“Supper Time!” I call out the back door, “Don’t forget to wash your hands!”
I watch as their little bodies rush to the house, each stamped with the marks of summer. Grass stained knees, mud smeared like war paint, mismatched tan lines, hair bleached blonde, and road rash in various stages of healing.
The noise carries from the back door and I hear them scramble to remove footwear and take their turns at the sink. I visualize the grime of the day literally sliding off them onto the bathroom sink and floor. The stampede finally makes its way to the kitchen table as everyone finds their seat and anxiously looks to see what is for supper.
The shiny hands are folded, and freshly scrubbed faces bowed. Grace is said and mouths then filled. And finally, after spending the entire day trying to keep up with her brothers, it is her turn to lead. Between bites she entertains the table with a tale of today’s exploits. Everyone is raptly attentive because she is a gifted storyteller and because she is greatly adored by her audience. Her eyes glow bright and her facial expressions punctuate each part of the day’s exciting adventures.
Her brothers have to correct her a few times. Though as it is done with such gentleness it is received likewise. The story is slightly embellished; filled with laughter and second helpings. Even in that she must do her best to emulate her big brothers. Were she not the epitome of exquisite feminine charm it would be easy to lump her in with the boys.
Once mealtime is over the table is cleared and the boys take to their neglected chores. She stays to help me load the dishwasher, fill the soap tab, and press the start button. This is one of her favourite jobs. Then she runs off to find her boys. She may be their muse, but they are her idols.
Though it is still quite light out it is getting late and it is time for a bath. She is reluctant to leave her brothers who are on the floor building Lego, a rare treat for her to be included in, but building spaceships and battle stations will have to wait for another day. She attacks the bubbles and water with the same exuberance as the sandbox. Turning the bathtub into a shop of magic potions and elixirs. As I pour the ‘invisible’ mixture over her head to rinse out the shampoo her nose crinkles and she smiles from ear to ear.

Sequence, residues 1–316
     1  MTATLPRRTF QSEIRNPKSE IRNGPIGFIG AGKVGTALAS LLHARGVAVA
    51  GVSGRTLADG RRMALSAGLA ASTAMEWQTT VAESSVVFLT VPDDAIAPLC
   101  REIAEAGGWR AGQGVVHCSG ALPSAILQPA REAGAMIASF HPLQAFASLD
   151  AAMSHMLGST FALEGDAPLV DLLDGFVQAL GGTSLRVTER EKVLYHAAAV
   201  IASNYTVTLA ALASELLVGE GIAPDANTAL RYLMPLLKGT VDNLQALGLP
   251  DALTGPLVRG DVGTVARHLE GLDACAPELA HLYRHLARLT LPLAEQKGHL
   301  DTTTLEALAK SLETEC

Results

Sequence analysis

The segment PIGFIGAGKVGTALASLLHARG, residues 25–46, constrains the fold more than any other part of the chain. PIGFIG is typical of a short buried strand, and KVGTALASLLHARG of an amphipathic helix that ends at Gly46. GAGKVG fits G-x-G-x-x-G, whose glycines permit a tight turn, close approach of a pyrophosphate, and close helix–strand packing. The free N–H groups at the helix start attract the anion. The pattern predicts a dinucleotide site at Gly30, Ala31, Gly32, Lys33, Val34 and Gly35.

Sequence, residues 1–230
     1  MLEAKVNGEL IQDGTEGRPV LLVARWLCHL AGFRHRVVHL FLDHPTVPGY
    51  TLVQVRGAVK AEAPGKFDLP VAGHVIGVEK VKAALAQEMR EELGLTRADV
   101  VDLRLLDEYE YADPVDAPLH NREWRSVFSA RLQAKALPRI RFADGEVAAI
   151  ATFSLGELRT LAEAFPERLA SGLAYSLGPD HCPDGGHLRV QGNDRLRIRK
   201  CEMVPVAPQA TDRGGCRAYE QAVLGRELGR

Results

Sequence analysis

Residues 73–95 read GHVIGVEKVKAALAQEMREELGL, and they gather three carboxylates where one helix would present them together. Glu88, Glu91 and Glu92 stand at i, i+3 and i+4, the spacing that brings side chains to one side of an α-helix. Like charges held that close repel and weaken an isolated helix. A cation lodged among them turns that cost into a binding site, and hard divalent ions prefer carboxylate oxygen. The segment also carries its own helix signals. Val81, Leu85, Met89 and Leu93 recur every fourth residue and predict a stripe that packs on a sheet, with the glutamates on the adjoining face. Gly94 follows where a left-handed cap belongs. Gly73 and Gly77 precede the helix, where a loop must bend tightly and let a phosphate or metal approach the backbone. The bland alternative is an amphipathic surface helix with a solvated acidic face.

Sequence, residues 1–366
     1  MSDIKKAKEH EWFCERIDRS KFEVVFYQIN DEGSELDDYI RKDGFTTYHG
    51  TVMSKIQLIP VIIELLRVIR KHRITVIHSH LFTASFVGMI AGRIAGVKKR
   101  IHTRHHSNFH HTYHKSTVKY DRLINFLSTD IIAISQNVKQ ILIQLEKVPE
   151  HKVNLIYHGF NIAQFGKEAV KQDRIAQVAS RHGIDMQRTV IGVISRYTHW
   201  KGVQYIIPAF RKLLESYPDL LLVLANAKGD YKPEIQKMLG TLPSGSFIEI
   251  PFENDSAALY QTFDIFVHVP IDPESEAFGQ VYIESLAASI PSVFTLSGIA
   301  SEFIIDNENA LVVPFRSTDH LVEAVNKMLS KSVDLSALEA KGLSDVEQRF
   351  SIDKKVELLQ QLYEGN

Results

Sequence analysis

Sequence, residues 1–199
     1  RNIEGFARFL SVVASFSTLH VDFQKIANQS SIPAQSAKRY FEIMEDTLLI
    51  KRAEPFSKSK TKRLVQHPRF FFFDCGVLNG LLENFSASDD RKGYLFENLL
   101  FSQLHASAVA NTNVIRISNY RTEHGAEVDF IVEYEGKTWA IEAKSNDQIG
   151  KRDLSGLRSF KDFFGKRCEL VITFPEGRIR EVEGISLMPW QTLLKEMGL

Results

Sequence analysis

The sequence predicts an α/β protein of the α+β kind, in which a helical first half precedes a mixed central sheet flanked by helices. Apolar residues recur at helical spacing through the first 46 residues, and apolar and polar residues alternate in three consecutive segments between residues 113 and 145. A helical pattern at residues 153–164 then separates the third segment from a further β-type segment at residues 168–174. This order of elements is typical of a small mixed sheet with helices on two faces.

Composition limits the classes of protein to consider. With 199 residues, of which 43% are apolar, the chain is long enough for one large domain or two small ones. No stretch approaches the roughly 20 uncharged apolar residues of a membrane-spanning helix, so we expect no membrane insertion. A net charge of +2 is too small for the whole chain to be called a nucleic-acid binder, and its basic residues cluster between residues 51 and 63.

Soon she is snuggled in her pink terrycloth towel. With her face, framed by wet hair in ringlets, peeking out the top and ten pink toes wiggling out the bottom. She smells of soap, lavender body lotion and a scent that is all her own. She picks out her bumblebee pyjamas and recounts all the ones she spotted in the yard that day as I brush her hair.
She grabs her blanket and bunny off her bed and runs to jump on my lap. We read a few stories and then I hold her closer as I sing to her. Her eyelids are heavy and her thumb is in her mouth, but when the songs end she says, “Sing Dilly, dilly please Mom?” And I can’t deny her one more song so we sing it together as her head rests over my heart.
When I tuck her in and kiss her goodnight, she giggles as my breath tickles her neck. I kiss her again and again just to hear that sound. Finally there is one last embrace.
Standing at the doorway I gaze at her frame as it slowly succumbs to sleep.
“I love you Madeline.” I quietly tell her.
“I love you too Mommy.” She whispers back.
“Have a good sleep.” I say not out of habit, but to prolong the goodbye.
“Hmmm…” is her reply.
“Tomorrow you will be three.” I offer.
But there is only silence.
She is already gone.